Pressure increases on Yandex despite denials about state bank takeover

The Bell

What happened

The possible purchase of Russia’s largest — and only — independent Internet company, Yandex, by state-owned Sberbank remains the talk of the Russian business world. There is still no official confirmation of negotiations, but Yandex, having lost 30% of its value since news of the possible deal, is now having problems with the Russian parliament.

  • The news of Sberbank’s bid to buy 30% of Yandex was first reported by The Bell at the end of last week. Sberbank at once denied negotiations were happening, but the news wiped about $3 billion off the company’s capitalization in New York. Yandex kept silent for three days, and then on Monday gave a statement in which it did not deny negotiations — but said that the company’s founder, Arkady Volozh, who controls 49% of voting shares, will not sell his stake.
  • No one can get control over Yandex without consent from Volozh and other senior executives: together they own 57% of Yandex’s voting shares. Any bargain that puts control of the company into another party’s hands would require altering the shareholder agreement and must be approved by 66.6% of shareholders. In practice, this means that even if Volozh agrees to a deal, minority shareholders will also need to give their approval.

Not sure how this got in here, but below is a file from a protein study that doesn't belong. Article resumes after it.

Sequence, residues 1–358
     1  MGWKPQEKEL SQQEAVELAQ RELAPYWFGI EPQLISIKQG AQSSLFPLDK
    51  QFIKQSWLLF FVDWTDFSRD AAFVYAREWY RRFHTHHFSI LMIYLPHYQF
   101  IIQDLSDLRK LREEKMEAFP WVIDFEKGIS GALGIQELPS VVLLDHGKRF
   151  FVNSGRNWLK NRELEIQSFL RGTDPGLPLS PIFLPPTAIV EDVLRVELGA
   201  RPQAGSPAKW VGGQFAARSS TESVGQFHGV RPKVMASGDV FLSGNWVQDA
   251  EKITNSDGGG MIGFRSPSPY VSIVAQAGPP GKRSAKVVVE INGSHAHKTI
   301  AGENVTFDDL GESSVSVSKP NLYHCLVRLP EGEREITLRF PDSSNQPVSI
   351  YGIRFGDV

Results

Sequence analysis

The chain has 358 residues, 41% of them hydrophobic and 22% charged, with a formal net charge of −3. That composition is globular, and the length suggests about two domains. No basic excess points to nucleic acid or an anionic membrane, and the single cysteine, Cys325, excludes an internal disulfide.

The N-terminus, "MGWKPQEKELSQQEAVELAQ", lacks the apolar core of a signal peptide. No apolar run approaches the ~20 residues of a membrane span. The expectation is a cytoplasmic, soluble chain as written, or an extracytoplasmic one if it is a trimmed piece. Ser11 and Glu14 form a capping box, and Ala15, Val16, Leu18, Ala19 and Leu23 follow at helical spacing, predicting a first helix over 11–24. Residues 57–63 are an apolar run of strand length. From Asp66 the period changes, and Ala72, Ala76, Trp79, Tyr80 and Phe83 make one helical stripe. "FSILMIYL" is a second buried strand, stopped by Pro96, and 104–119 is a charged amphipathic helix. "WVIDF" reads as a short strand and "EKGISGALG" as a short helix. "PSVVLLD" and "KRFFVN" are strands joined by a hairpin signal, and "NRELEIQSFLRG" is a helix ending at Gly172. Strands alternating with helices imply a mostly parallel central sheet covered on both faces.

• The Bell was told by sources that Sberbank justifies its proposal to purchase equity in Yandex because it will protect the company from problems with competitors and the government. Coincidence or not, but this week Russian Duma deputies tabled as many as two bills which could hit Yandex’s business. On Monday, they proposed that foreigners be banned from owning news aggregators in Russia (Yandex, registered in the Netherlands, controls Russia’s largest aggregator Yandex.News). And on Thursday, there was a suggestion that online taxi aggregators be prevented from setting the rates for taxi rides. This would destroy the business of Yandex.Taxi, which accounts for 75% of Russia’s taxi market and swallowed Uber’s Russian division last year.

Why the world should care

There are two Russian Internet companies, Yandex and Mail.Ru Group, which are making credible bids to be all-encompassing online platforms, in the same way as China’s Alibaba and Tencent. The sale of Yandex to state-owned Sberbank would reveal a huge amount about the fate of online business and technology in Russia.

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